NNS: Ernie Cope’s in as Chase Elliott’s new crew chief in 2015

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With Greg Ives becoming Dale Earnhardt Jr.’s new crew chief next season at Hendrick Motorsports, that left the 2015 CC position open for Nationwide Series star Chase Elliott and the No. 9 JR Motorsports team.

But as of today, that position has been filled.

Ernie Cope (pictured, right, with Elliott), the current CC of JRM’s part-time No. 5 entry, has been announced as the new CC for Elliott and the No. 9 camp.

Both Ives and Cope will finish out the 2014 season in their current roles.

“It became clear rather quickly that the absolute best option for Chase and the NAPA team next year is already in this building,” said JRM general manager Kelley Earnhardt Miller in a team release.

“Ernie builds fast cars, has a good rapport with Chase, and is familiar with the inner-workings of our company. Hopefully, that will create a seamless transition at the end of the year, and the No. 9 team will continue its championship form right into 2015.”

With more than a decade of experience as a CC, Cope joined JRM before the 2014 season to lead the No. 5 team, where driver duties are split primarily between team co-owner Dale Earnhardt Jr., Kevin Harvick, and Kasey Kahne.

Under Cope’s guidance, the No. 5 has won three Nationwide events so far this year – Richmond and Kentucky with Harvick, and then Daytona with Kahne.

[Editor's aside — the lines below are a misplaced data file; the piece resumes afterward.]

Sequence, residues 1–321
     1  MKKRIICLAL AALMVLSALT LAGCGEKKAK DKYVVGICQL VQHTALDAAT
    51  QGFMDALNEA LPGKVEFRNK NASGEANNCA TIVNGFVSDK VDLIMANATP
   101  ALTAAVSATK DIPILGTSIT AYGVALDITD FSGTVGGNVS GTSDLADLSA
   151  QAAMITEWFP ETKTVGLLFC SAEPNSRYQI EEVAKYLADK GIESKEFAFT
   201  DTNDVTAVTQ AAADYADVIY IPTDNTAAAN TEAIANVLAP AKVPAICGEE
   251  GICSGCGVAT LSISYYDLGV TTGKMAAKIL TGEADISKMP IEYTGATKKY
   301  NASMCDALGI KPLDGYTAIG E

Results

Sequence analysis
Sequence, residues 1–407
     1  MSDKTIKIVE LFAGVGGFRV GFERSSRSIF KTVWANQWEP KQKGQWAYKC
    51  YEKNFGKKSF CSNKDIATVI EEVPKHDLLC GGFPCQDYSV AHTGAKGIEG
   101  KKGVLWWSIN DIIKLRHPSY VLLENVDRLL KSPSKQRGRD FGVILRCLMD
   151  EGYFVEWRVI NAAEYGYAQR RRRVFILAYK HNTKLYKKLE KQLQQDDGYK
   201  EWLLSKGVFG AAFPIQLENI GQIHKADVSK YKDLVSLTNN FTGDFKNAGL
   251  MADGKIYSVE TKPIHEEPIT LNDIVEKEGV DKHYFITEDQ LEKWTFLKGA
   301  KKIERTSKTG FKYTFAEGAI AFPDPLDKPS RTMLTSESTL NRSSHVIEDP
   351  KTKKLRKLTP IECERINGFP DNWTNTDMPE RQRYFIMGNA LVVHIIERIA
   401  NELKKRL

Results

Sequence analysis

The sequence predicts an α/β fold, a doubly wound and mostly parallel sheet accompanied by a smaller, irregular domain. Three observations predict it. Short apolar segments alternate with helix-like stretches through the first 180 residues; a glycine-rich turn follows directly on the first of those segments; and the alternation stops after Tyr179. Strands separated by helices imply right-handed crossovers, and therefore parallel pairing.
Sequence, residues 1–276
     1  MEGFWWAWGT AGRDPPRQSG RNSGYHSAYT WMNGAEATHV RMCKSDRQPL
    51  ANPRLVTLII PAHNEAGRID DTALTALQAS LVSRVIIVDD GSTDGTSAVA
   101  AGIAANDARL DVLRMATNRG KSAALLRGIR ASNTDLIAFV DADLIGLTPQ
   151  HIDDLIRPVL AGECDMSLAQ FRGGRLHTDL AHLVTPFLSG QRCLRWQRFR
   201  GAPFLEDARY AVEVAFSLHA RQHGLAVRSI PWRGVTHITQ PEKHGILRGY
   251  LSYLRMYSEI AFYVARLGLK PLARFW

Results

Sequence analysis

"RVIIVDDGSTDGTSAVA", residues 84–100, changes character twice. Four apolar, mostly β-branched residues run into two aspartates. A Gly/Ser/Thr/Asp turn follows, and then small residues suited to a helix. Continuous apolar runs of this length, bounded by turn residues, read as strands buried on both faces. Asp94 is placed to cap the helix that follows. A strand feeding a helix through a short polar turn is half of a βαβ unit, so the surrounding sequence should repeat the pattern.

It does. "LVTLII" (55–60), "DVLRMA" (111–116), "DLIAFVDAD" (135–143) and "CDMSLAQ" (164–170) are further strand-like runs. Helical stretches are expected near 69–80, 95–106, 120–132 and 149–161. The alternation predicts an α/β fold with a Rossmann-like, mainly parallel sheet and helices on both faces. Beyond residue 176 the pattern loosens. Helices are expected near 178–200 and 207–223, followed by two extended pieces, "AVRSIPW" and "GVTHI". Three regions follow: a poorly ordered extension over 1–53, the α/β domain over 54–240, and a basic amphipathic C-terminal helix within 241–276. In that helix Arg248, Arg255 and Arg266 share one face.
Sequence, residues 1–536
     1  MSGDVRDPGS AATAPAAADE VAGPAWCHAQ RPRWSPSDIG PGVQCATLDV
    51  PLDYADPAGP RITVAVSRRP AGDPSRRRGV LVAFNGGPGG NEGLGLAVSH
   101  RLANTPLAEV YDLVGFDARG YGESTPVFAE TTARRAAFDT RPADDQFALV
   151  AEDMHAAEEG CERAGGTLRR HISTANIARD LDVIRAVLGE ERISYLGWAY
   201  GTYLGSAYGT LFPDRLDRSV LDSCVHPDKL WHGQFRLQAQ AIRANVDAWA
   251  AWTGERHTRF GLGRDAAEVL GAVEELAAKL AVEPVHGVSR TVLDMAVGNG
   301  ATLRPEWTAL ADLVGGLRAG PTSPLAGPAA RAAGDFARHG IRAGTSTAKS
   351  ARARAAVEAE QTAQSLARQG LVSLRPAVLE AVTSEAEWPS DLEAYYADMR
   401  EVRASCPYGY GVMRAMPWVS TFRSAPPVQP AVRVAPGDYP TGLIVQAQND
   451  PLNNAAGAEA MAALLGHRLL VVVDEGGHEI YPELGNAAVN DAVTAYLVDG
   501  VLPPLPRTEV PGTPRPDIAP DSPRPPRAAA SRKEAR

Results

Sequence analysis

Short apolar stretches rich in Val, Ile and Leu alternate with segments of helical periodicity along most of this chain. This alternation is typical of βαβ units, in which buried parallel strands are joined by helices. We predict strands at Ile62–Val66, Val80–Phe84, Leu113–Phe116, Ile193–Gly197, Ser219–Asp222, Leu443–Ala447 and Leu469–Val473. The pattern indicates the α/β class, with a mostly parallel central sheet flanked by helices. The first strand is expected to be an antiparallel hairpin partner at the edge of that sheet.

Cope indicated that the opportunity to run a full-time schedule and compete for the Nationwide Series championship appealed to him in his decision to take the No. 9 job.

“Kevin and I have enjoyed a lot of success, and we’re not done yet,” he said in the same release. “There is a lot of racing left this year, but in putting the pieces together for 2015, I couldn’t pass up the opportunity to compete the full race schedule.

“I’ve been able to do that only once, and that was in 2011 with Elliott Sadler when we finished second in the championship. I’d like another shot at it, and Chase Elliott is an extremely talented race car driver.”

Elliott currently leads the Nationwide Series standings by 10 points over JRM teammate Regan Smith heading into Friday night’s race at Bristol Motor Speedway.

Recently, Hendrick Motorsports owner Rick Hendrick said that he expects to see Elliott run some Sprint Cup races during the second half of next season.